During the first half of September I kept trying to tell my five-year-old that we were living through historical times. Of course he didn’t grasp what I was saying until I told him it was like one of his favorite holidays-- Halloween. The financial world is worried that terror, real or imagined, lurks around every corner. Wall Street, unfortunately, created the monsters that now threaten to destroy it. But what will the future entail and how will Nicholas-Applegate change its trading to adapt to the new environment? The answer is… the more things change, the more they stay the same.
Our trading focus has always been preservation of clients’ alpha, and that objective will not change. The traders at Nicholas-Applegate have always closely supervised the firm’s global executions, whether through frequent phone calls to brokers over the life of a trade execution or by responding to order flow through dark pools of liquidity. Although we anticipated broker consolidation, the speed with which it has occurred has been totally unexpected. Despite a new brokerage landscape, we will continue to be flexible in our approach and use services that add value to our execution and investment process.
We have been integrating Fidessa LatentZero as our new order management system (OMS) and believe that technology will continue to drive our business. We trade with many brokers and have not consolidated trading to single platforms or single pipes, a practice which has served us well during these tumultuous times. We will continue to assess the range of trading-based services and will select the ones that fit our execution process. We will also trade more direct market access (DMA) globally, as the markets in Europe and Asia will continue to fragment locally but be connected globally. Again, all along we’ve been focusing on execution strategy and adapting to the changing means of accessing liquidity, whether through a stock exchange floor or a dark pool.
As brokers have reshuffled, we have capitalized on existing best practices to shift our equity trading and exposures to different parties. The Nicholas-Applegate investment teams, in coordination with trading, compliance, and operations, have been in close collaboration and communication regarding the swift regulatory changes. Our collective expertise is well suited for a dynamic environment in which global regulations will definitely play a bigger role.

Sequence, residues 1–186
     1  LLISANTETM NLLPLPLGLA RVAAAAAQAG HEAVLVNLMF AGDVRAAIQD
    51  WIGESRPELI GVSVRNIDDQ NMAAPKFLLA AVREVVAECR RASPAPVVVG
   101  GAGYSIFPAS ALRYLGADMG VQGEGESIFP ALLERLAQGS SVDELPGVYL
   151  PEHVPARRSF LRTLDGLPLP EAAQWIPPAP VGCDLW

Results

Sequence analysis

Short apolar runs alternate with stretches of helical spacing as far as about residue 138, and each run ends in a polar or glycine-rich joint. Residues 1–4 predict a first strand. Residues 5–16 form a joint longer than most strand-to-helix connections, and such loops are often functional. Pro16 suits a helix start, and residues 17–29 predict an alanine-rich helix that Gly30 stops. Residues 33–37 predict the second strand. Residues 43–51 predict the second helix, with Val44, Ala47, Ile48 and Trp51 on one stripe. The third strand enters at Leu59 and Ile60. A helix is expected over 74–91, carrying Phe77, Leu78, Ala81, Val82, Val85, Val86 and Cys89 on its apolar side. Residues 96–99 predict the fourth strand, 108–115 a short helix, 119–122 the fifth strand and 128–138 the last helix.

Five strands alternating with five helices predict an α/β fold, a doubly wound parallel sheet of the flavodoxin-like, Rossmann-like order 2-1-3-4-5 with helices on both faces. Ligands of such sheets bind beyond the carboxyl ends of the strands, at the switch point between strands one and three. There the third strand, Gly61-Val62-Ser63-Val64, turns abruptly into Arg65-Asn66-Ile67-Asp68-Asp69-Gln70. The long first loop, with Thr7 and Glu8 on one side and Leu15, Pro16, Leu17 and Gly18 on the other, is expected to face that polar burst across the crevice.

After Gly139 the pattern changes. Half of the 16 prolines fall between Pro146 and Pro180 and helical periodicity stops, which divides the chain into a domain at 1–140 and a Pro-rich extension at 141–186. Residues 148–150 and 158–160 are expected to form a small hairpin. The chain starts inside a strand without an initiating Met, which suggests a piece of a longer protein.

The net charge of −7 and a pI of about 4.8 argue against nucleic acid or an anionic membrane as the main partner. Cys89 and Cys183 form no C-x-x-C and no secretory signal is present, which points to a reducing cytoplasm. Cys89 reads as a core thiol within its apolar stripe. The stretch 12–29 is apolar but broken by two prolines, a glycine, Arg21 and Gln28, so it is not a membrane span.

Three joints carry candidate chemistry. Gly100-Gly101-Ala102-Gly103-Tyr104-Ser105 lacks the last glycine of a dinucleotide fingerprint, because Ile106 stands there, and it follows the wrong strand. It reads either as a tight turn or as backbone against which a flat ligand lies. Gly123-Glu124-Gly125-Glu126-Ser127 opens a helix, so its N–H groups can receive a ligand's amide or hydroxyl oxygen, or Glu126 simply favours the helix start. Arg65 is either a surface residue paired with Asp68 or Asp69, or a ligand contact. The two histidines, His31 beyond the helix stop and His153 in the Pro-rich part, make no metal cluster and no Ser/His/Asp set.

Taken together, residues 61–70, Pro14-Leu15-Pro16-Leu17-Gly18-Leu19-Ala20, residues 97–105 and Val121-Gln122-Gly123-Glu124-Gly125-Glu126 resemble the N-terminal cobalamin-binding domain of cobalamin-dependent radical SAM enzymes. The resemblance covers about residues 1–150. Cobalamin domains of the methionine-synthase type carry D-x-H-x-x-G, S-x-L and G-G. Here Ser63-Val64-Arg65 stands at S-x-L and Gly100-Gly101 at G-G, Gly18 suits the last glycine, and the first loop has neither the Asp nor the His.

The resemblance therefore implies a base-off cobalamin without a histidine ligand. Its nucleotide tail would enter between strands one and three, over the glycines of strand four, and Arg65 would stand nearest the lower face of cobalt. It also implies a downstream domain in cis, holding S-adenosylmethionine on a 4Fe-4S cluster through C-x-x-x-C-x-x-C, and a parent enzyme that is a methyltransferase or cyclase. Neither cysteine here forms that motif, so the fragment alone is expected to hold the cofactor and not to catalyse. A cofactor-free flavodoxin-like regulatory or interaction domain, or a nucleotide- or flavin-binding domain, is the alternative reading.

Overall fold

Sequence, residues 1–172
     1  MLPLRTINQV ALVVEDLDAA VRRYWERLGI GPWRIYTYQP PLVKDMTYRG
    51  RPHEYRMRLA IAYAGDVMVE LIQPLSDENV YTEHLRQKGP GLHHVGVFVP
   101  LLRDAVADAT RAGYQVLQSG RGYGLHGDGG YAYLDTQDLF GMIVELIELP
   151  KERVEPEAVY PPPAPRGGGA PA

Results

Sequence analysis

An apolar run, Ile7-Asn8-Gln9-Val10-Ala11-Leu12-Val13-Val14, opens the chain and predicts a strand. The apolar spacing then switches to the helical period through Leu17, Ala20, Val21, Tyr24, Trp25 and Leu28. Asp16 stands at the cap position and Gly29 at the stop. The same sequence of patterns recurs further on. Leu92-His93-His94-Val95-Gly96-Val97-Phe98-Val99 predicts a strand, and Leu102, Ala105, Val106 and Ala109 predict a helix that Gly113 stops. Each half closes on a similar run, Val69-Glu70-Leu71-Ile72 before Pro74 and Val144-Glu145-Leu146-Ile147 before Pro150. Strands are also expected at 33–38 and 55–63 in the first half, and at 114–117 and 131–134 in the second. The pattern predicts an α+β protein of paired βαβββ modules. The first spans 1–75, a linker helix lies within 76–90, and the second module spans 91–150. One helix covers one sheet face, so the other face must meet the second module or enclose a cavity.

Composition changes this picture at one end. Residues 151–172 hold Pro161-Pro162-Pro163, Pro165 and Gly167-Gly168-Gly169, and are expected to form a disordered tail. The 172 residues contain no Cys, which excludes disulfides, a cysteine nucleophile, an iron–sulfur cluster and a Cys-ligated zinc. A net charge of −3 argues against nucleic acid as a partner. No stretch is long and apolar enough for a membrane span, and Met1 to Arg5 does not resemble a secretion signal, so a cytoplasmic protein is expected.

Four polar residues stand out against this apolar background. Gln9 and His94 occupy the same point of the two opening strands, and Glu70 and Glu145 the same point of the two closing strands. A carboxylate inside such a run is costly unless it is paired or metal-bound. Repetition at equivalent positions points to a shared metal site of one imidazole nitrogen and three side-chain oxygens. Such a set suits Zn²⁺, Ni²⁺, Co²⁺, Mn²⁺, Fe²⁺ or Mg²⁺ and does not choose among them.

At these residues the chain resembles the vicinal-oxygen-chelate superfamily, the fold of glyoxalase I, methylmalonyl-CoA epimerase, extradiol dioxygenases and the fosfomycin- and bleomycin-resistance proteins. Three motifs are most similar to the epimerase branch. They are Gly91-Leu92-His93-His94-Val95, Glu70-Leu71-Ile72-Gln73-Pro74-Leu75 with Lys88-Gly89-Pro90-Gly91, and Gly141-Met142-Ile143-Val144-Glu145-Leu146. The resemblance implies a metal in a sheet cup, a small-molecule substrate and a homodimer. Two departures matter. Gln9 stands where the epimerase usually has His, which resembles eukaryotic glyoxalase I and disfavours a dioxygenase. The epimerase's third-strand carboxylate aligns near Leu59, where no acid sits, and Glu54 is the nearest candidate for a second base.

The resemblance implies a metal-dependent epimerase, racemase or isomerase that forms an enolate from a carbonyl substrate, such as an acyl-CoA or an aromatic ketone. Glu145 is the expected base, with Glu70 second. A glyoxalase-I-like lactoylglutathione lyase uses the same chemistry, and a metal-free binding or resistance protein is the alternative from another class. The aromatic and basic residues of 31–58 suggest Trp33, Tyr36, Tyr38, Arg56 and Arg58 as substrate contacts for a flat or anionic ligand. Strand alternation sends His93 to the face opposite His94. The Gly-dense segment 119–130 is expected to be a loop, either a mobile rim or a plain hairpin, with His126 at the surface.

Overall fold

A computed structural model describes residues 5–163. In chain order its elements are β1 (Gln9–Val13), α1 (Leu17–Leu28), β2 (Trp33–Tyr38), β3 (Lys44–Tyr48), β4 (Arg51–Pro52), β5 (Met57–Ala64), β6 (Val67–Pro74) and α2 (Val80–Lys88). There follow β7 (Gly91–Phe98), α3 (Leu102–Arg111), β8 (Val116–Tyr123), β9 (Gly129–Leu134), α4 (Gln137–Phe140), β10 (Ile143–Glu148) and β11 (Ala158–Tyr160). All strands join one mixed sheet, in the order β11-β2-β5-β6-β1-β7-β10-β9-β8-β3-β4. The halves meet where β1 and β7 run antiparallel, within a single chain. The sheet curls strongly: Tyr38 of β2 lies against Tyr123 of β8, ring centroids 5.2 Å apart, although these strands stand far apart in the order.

When assessing execution counterparties, our main goal is to determine the value added. Is this the right venue to get the best execution? We will continue to ask ourselves that question. Using this analytical approach over the years, we have seen more and more of our trades going to crossing networks, to DMA venues, and away from investment banks. As use of algorithms and fragmentation has increased, bulge-bracket brokers have been getting higher volume, but not crossing internally. They have been in the process of fixing this, as trades go through their internal systems before going outside to the market. I believe this will help them retain their execution business, but will also allow agency brokers with good sales traders to capture some of that business as outsourced trading desks. So buy-side firms that may be understaffed will still be able to find brokers who can help them execute trades. We have an experienced global team, but I think some buy-siders were caught off guard and will come back to brokers who can trade blocks of stock at a price. With elevated volatility, institutional traders and portfolio managers want to trade at the price on their screens and will again value crossing opportunities. I think agency desks that have taken advantage of this bear market by expanding will have better-than-ever opportunities to capture volume as their biggest competitors sort themselves out.
As far as commissions, I believe that we’ve seen a stabilization of cost, and most likely, we will not see them go much lower. It is quite possible that with a scarcity of brokers, commissions may creep higher where buy-siders are finding good service. Commission-sharing agreements will remain a growing trend, but buy-siders will spread risk by using more venues instead of just one broker to handle the agreements. Being able to trade in the best execution venue and sending commission for other services shouldn’t change too much in my opinion.
Nicholas-Applegate will continue to be open to new execution venues, counterparties, and brokers who help us preserve alpha for our clients. We will continue to invest in innovative systems that provide efficiency and speed of trade execution. Hopefully, the market returns to stock picking instead of levered exposure, and we can enjoy a Halloween the way it is meant to be-- with children laughing, tricks or treats, and a good time.